Polio symptoms, causes and how to check if you’ve had vaccine as national incident declared


People are being warned to make sure they are fully vaccinated as polio has been reported to be spreading in Britain for the first time in decades. The UK Health Security Agency (UKHSA) has repeatedly detected the poliovirus between closely linked individuals and extended families in London’s sewage works.

Health experts are warning the NHS as the discovery has been declared a national incident by the UKHSA. The last community outbreak in Britain was in the 1970s but health officials insist the current risk to the population is low.

The samples were discovered between February and May and have continued to evolve, now being classified as ‘vaccine-derived’ poliovirus type 2 (VDPV2). The risk of transmission throughout the community is currently being established, reports the Mirror .

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Polio is an infectious disease caused by a virus that can spread from person to person and cause paralysis.

Early symptoms of polio in children and adults

According to the NHS, early warning signs may include:

  • at high temperature
  • Extreme tiredness (fatigue)
  • Headaches
  • Being sick (vomiting)
  • A stiff neck
  • muscle pain

How polio is spread

The recent outbreak in London is said to be caused by a person returning to the UK after having the oral polio vaccine. It remains unclear how much the virus has spread, however, it may be confined to a single household or an extended family.

Polio is spread when the stool (poo) of an infected person comes into contact with the mouth of another person, either through contaminated water or through food. Another way of spreading polio is through oral-to-oral transmission by an infected person’s saliva.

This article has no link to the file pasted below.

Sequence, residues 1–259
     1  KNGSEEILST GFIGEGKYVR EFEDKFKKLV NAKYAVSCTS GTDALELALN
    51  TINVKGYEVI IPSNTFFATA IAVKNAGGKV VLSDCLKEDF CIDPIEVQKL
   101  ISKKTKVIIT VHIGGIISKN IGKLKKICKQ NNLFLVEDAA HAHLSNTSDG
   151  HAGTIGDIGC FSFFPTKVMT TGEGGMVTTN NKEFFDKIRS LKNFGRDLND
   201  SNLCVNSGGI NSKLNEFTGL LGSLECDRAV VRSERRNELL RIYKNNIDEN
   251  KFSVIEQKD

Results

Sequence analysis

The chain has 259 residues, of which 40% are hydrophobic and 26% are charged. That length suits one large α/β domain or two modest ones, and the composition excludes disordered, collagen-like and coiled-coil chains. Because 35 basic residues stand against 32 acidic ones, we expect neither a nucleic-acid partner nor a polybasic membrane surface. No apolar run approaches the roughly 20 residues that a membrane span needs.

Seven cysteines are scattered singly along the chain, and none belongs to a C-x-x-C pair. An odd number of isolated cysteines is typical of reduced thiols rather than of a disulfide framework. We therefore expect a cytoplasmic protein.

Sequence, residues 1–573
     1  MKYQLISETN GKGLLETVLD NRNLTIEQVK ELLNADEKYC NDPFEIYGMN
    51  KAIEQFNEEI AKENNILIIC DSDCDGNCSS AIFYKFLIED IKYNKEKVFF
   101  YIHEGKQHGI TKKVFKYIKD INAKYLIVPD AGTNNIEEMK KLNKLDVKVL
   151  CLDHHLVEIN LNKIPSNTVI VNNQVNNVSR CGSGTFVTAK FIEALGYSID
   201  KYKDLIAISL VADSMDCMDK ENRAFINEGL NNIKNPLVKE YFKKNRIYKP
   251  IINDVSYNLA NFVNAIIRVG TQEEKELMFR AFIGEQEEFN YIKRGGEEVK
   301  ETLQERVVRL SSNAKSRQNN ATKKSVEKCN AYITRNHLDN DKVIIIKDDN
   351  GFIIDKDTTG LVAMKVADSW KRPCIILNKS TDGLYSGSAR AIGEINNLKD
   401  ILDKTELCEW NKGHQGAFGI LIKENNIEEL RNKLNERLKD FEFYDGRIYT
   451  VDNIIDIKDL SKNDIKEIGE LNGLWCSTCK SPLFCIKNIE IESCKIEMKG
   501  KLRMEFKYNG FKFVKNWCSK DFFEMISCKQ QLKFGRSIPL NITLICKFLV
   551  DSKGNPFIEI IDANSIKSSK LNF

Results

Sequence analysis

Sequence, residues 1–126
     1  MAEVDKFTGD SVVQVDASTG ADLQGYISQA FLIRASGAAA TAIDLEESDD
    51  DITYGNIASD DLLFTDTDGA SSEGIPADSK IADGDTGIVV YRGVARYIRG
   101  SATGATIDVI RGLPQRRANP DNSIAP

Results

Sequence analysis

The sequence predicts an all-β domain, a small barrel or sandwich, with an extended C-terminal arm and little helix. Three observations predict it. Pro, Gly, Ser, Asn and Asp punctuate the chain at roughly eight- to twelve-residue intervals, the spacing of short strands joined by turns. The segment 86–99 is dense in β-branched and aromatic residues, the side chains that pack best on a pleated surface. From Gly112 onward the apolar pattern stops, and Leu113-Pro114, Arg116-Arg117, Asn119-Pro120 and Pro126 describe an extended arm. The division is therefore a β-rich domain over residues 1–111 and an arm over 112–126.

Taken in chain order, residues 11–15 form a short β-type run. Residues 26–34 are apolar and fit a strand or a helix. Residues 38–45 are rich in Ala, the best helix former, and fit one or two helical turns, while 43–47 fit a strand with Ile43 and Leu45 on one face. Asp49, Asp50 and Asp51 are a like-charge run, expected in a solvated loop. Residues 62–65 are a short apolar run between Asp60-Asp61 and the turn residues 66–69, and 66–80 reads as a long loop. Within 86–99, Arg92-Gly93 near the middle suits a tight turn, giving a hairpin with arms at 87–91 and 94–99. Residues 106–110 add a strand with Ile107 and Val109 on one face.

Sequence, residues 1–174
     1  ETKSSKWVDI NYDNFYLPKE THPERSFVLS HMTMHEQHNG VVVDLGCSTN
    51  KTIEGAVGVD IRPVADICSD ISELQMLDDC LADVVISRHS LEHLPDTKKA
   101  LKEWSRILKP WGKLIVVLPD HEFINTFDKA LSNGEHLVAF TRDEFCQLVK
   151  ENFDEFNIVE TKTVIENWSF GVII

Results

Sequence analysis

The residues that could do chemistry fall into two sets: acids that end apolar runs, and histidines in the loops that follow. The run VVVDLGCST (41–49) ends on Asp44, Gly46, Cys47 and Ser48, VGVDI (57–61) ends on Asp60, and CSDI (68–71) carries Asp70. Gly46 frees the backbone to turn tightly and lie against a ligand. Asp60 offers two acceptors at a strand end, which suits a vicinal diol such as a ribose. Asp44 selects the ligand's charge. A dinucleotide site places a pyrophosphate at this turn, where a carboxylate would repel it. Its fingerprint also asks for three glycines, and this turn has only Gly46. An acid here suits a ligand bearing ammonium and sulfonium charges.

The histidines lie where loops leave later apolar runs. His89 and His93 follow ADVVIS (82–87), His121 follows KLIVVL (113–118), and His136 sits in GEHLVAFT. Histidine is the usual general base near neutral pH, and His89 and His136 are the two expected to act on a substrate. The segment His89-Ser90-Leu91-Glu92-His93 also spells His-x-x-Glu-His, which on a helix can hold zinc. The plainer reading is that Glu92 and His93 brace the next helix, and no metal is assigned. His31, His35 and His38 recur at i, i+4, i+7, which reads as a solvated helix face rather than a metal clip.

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Polio vaccine

The potentially deadly disease can be prevented with a vaccine. “Investigation [is] underway to protect public, who are urged to ensure polio vaccines are up to date, especially parents of young children who may have missed an immunization opportunity,” says the UK Health Security Agency.

“Vaccine-derived poliovirus has the potential to spread, particularly in communities where vaccine uptake is lower,” said Dr Vanessa Saliba, consultant epidemiologist at the UKHSA.

She added: “On rare occasions it can cause paralysis in people who are not fully vaccinated, so if you or your child are not up to date with your polio vaccinations it’s important you contact your GP to catch up, or if unsure check your red book.

“Most of the UK population will be protected from vaccination in childhood, but in some communities with low vaccine coverage, individuals may remain at risk.”

Parents of children who are not up to date with their polio vaccine course are urged to make an appointment with their GP as soon as possible. The UKHSA added that the risk to the wider population is low.

Oral vaccines against polio offered abroad contain an “attenuated” form of the virus – weakened in a laboratory so it cannot cause disease

How to check you’ve had your polio vaccine

This Morning’s Dr Ellie assured parents that if your child has had the full UK schedule of vaccines, they will be immune from polio. “If you are checking your polio vaccinations or your child’s they are rarely called ‘polio’,” she tweeted.

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“They will be labeled: DTaP/IPV or dTaP/IPV or 6 in 1 or 5 in 1 Teenage boosters are known as Td/IPV or 3 in 1 If they’ve had full UK schedule, they are immune.”

How to reduce your risk of polio

Practice safe hand hygiene and food and water precautions during travel to reduce your risk of exposure to the polio virus, advise the experts. As the virus spreads through unsafe food and water, practicing good hygiene including washing your foods is vital.

Children in the UK normally receive polio vaccinations as part of the UK vaccination schedule. For adults and children from 10 years of age, who have not received polio vaccinations in the past, a three-dose course of vaccinations can be provided.

Polio, or poliomyelitis, is a crippling and potentially deadly disease. It is caused by the poliovirus.

The virus spreads from person to person and can invade an infected person’s brain and spinal cord, causing paralysis.

Polio can be prevented with vaccine.

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George Holan

George Holan is chief editor at Plainsmen Post and has articles published in many notable publications in the last decade.

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